Generally, elements such as the operator interface 20, message packet generator 22, message packet receiver and processor 23, ISP log-on control 24 and Internet parameter store 25 may comprise elements of a conventional Internet browser, such as Mosaic, Netscape Navigator and Microsoft Internet Explorer.

In connection with the invention, as noted above the device 12(m) also includes a secure message packet processor 26. The secure message packet processor 26 facilitates the establishment and use of a “secure tunnel,” which will be described below, between the device 12(m) and another device 12 (m′) (m′≈m) or 13. Generally, in a secure tunnel, information in at least the data portion of message packets transferred between device 12(m) and a specific other device 12(m′) (m′≈m) or 13 is maintained in secret by, for example, encrypting the data portion prior to transmission by the source device. Information in other portions of such message packets may also be maintained in secret, except for the information that is required to facilitate the transfer of the respective message packet between the devices, including, for example, at least the destination information, so as to allow the Internet's switching nodes and ISP's to identify the device that is to receive the message packet.

In addition to ISP 11, a number of other ISP's may connect to the Internet, as represented by arrows 16, facilitating communications between devices which are connected to those other ISP's with other devices over the Internet, which may include the devices 12(n) connected to ISP 11.

The devices 13 which devices 12(m) access and communicate with may also be any of a number of types of devices, including personal computers, computer workstations, and the like, and also including mini-and mainframe computers, mass storage systems, compute servers, local area networks (“LAN's”) and wide area networks (“WAN's”) including such devices and numerous other types of devices which may be connected directly or indirectly to the networks. In connection with the invention, at least one of the devices will include at least one private network, identified as virtual private network 15, which may be in the form of a LAN or WAN. The virtual private network 15 may comprise any of the devices 12(m′) (m′≈m) (thereby connecting to the Internet 14 through an ISP) or 13 (thereby connecting directly to the Internet 14); in the illustrative embodiment described herein, the virtual private network 15 will be assumed to comprise a device 13. The virtual private network 15 itself includes a plurality of devices, identified herein as a firewall 30, a plurality of servers 31(1) through 31(S) (generally identified by reference numeral 31(s)) and a nameserver 32, all interconnected by a communication link 33. The firewall 30 and servers 31(s) maybe similar to any of the various types of devices 12(m) and 13 described herein, and thus may include, for example, personal computers, computer workstations, and the like, and also including mini-and mainframe computers, mass storage systems, compute servers, local area networks (“LAN's”) and wide area networks (“WAN's”) including such devices and numerous other types of devices which may be connected directly or indirectly to the networks.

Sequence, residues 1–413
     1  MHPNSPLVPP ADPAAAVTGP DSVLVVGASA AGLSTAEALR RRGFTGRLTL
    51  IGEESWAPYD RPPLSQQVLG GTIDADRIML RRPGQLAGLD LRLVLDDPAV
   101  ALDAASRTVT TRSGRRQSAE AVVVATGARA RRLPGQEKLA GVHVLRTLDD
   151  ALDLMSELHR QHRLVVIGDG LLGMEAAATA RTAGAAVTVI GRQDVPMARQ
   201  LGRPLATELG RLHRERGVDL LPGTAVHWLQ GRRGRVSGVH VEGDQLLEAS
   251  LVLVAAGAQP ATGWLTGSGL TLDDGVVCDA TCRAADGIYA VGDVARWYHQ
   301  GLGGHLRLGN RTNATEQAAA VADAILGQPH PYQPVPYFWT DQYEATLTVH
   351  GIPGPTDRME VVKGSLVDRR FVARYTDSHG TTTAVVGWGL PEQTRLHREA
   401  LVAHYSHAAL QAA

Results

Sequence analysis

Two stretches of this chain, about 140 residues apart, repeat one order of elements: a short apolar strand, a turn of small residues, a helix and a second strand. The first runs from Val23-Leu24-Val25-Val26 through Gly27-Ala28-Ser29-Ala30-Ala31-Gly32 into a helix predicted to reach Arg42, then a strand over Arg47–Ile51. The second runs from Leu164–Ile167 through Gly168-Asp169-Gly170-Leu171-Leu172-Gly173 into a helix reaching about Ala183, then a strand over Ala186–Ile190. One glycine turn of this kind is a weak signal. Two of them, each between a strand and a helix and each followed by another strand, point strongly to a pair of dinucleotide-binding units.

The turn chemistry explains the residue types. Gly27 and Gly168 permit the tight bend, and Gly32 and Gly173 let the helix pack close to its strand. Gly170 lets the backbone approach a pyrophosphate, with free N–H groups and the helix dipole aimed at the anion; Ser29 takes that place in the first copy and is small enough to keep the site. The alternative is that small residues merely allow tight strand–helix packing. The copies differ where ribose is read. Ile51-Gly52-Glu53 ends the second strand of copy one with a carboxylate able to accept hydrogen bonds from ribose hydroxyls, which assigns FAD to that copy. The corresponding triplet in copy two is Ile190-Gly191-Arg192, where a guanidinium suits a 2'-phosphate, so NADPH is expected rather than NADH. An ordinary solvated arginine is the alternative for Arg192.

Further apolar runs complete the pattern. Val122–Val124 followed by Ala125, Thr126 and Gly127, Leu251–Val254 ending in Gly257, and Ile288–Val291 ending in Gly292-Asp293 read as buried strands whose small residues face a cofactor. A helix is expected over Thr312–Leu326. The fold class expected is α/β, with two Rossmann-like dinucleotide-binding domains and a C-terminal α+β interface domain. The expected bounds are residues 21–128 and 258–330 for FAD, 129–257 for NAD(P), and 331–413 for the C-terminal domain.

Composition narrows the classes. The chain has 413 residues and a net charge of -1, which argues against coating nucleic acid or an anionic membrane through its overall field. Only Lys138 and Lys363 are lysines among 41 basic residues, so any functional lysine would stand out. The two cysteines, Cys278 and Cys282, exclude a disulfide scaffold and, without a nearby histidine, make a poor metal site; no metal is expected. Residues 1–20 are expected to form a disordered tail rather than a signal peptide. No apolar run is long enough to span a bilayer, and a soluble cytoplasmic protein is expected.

As noted above, the devices, including devices 12(m) and devices 13, communicate by transferring message packets over the Internet. The devices 12(m) and 13 can transfer information in a “peer-to-peer” manner, in a “client-server” manner, or both. Generally, in a “peer-to-peer” message packet transfer, a device merely transfers information in one or more message packets to another device. On the other hand, in a “client-server” manner, a device, operating as a client, can transfer a message packet to another device, operating as a server to for example, initiate service by the other device. A number of types of such services will be appreciated by those skilled in the art, including, for example, the retrieval of information from the other device, to enable the other device to perform processing operations, and the like. If the server is to provide information to the client, it (that is, the server) may generally be referred to as a storage server. On the other hand, if the server is to perform processing operations at the request of the client, it (that is, the server) may generally be referred to as a compute server. Other types of servers, for performing other types of services and operations at the request of clients, will be appreciated by those skilled in the art.